The Kura - Japanese Art Treasures

Robert Mangold has been working with Japanese antiques since 1995 with an emphasis on ceramics, Paintings, Armour and Buddhist furniture.
In accordance with the requests of local authorities our Kyoto gallery will be closed to visitors from April 14th until further notice.
Horagai (Jinkai) Antique Japanese Triton-Shell Horn

Horagai (Jinkai) Antique Japanese Triton-Shell Horn

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Directory: Antiques: Regional Art: Asian: Japanese: Swords and Related: Pre 1900: Item # 1423970

Please refer to our stock # MOR7848 when inquiring.
The Kura
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817-2 Kannonji Monzen-cho
Kamigyo-ku Kyoto 602-8385
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A large Triton shell horn fitted with a brass mouthpiece and a bone toggle attached by silk chords. It is 39 cm (15-1/2 inches) long and comes in an old wooden storage box wrapped in cotton wadding.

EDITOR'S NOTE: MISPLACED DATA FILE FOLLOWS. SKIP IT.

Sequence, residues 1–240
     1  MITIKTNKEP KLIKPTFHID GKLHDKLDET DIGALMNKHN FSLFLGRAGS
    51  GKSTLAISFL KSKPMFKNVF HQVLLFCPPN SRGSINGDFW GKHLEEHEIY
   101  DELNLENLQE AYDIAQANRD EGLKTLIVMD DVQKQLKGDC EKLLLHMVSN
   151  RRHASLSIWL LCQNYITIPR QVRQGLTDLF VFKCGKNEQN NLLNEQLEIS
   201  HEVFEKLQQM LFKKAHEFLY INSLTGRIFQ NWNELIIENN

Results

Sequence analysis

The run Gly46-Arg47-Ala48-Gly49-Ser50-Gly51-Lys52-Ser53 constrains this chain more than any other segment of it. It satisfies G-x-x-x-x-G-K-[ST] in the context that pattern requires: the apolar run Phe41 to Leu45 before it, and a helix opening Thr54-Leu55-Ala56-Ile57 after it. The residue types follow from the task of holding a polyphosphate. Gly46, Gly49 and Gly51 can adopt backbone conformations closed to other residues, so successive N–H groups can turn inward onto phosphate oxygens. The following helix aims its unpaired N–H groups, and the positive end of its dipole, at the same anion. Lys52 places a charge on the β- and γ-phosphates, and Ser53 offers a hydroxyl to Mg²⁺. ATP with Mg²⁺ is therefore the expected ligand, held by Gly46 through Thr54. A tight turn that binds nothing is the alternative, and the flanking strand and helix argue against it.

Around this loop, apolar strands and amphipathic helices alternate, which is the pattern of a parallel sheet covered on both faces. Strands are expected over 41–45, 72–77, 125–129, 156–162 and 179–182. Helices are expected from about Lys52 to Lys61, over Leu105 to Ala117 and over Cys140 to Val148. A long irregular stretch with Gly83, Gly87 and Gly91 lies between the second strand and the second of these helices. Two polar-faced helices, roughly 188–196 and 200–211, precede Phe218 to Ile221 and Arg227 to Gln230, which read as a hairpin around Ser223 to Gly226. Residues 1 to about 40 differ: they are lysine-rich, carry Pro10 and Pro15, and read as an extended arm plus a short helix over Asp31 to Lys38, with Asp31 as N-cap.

Horagai are large shell horns that have been used as trumpets in Japan since time immemorial and go by several names depending upon the user and the purpose of use. Unlike most shell trumpets from other parts of the world which produce only one pitch, the Japanese horagai can produce three to five different notes. The different pitches are achieved using a bronze or wooden mouthpiece attached to the apex of the shell's spire. Buddhist monks, known as Yamabushi ascetic warrior monks are strongly associated with the instrument. The monks used the trumpet to signal their presence (or movements) to one another across mountains and to accompany the chanting of sutras. In battle, the shell, called jinkai, or "war shell", was one of several signal devices used by Samurai. A large conch would be used and fitted with a bronze (or wooden) mouthpiece. It would be blown with a different combination of "notes" to signal troops to attack, withdraw, or change strategies, in the same way a bugle was used in the west. In addition, the jinkai served a similar function to war drums in signaling troop formations, setting a rhythm for marching, providing something of a heroic accompaniment to encourage the troops and confusing the enemy by inferring that the troop numbers were large enough to require such trumpeters. Often Yamabushi, generally fierce warriors themselves, were enlisted to serve as kai yaku horn blowers, due to their experience with the instrument.